I've been using Bash functions quite liberally over the past couple years, but last week I discovered that they can be much better than I thought. In this post, I'll explain how I thought they worked, why I was wrong, and how that makes them better.

### Function syntax

I've always seen the syntax of Bash functions presented as:

function_name() {
# code
}


While that does indeed produce a function, that's not the whole story. The actual syntax is (from the Bash manual):

function_name() compound-command [ redirections ]


where { code; } is just one of the possible options for a command list. Other options include looping and conditional constructs (which in this context include (()) and [[]]), as well as subshells.

If the subshell syntax is used when defining a function, running the function will result, as one should expect, in the code of the function running in a subshell.

So what? Why am I excited about that? First, let's take a look at a few of the drawbacks of Bash functions (specifically, the ones defined using {}).

### Function local state

Bash functions can have "local" variables declared with the keyword local. Otherwise, variables defined within a function body are global variables, because the function body (when using {}) executes in the same Bash environment as the rest of the file.

I've often seen the recommendation to use local liberally with Bash functions. That makes sense, as clobbering the global environment would be bad. But it's annoying to have to remember to do it, and it's a bit tedious (and error-prone) when refactoring code.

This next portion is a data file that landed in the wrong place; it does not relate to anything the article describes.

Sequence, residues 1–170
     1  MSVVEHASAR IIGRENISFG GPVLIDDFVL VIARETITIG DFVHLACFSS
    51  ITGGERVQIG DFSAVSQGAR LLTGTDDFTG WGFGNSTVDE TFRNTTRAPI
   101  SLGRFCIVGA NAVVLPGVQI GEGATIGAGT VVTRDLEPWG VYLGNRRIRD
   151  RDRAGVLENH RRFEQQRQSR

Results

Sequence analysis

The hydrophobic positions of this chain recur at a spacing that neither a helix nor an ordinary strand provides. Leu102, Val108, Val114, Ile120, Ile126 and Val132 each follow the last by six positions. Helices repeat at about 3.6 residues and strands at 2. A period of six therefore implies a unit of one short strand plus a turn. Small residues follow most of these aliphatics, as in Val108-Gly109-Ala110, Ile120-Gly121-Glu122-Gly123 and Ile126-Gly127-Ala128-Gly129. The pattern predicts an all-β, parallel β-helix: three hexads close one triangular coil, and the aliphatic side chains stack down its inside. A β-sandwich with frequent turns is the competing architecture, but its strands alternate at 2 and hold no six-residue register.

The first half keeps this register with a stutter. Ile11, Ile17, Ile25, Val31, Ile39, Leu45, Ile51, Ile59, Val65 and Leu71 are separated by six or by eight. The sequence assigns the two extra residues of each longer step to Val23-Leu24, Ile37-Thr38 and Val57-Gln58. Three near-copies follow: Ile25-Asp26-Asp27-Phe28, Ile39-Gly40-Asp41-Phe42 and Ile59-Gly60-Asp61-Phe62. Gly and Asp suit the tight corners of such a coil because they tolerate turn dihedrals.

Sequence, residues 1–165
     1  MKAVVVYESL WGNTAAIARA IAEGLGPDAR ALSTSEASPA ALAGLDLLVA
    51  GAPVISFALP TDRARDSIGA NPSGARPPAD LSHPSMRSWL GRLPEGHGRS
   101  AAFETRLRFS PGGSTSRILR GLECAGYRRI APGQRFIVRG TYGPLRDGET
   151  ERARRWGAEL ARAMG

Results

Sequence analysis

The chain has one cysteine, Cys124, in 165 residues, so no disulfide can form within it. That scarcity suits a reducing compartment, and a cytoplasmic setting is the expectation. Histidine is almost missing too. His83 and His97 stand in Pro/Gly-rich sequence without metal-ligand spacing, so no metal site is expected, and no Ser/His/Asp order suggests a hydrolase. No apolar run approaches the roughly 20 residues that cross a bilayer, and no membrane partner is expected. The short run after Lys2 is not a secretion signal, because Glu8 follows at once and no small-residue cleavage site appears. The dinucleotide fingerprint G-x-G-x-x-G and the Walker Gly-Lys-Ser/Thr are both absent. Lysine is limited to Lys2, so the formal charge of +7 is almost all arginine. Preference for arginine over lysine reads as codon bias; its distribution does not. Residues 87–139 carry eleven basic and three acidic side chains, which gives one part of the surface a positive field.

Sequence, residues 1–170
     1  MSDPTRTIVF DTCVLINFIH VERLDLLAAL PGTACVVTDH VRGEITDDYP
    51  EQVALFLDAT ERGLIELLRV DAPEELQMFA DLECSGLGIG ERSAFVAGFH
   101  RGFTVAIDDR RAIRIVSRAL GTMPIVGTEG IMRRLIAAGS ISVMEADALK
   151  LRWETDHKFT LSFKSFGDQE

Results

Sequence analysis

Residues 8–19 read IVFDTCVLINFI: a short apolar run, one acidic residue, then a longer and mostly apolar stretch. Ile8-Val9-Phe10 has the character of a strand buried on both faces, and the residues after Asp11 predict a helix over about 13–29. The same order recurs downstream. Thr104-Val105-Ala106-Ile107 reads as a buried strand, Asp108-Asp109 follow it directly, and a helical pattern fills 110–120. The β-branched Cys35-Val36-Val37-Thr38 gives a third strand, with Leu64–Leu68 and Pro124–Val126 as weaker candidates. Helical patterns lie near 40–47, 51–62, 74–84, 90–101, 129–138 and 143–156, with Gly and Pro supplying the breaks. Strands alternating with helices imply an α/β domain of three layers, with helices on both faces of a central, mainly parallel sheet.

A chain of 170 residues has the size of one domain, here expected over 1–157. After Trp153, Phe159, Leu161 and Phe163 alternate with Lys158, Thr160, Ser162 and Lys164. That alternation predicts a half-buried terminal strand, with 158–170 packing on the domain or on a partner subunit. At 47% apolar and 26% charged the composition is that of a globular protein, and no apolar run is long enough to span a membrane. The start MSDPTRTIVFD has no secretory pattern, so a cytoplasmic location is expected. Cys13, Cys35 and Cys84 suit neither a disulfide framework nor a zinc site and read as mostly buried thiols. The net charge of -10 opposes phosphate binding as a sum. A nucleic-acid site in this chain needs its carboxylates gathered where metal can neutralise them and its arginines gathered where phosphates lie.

These variables are also somewhat less local than one would expect: they are actually dynamically scoped, as in, functions down the call stack can see them. Here's an example of what that means:

$cat dynamic.sh #/usr/bin/env bash set -euo pipefail func1() { local a a=1 func3 } func2() { local a a=2 func3 } func3() { echo$a
}

func1
func2
$./dynamic.sh 1 2$


Chances are you did not know that. I didn't until recently. Overall, since the first (arguably accidental) introduction of the idea in the original Lisp in 1958, the programming world seems to have largely agreed that dynamic scope is bad, and that we should use lexical scope instead.

Now, perhaps you're thinking "if it's a bad idea, I can just not use it", and that's the right attitude. However, there is a chance it may still happen to you accidentally through some typo or refactoring. It's just one more trap to look out for.

### Nested functions

Nested functions are a great tool to organize code into little, well-scoped chunks. But with Bash functions ({}) living in their parent's scope, they may not work as one would expect. See:

$cat nested.sh #!/usr/bin/env bash set -euo pipefail func1() { func3() { echo "within func1" } func3 } func2() { func3() { echo "within func2" } func3 } func1 func3 func2 func3$ ./nested.sh
within func1
within func1
within func2
within func2
$ Yes, calling either func1 or func2 above (re)defines a global func3. Perhaps you're now thinking: Yes, that makes sense, because by default variables are global. But you just need to declare func3 as local. Well, here you go: $ cat nested.sh
#!/usr/bin/env bash

set -euo pipefail

func1() {
local func3
func3() {
echo "within func1"
}
func3
}

func2() {
local func3
func3() {
echo "within func2"
}
func3
}

func1
func3
func2
func3
$./nested.sh within func1 within func1 within func2 within func2$


So that doesn't work. Of course, you can still "just not call" func3 outside the scope where you intend for it to be defined, and make sure that at that point it has the right definition, and that should work out. Right?

### Cleanup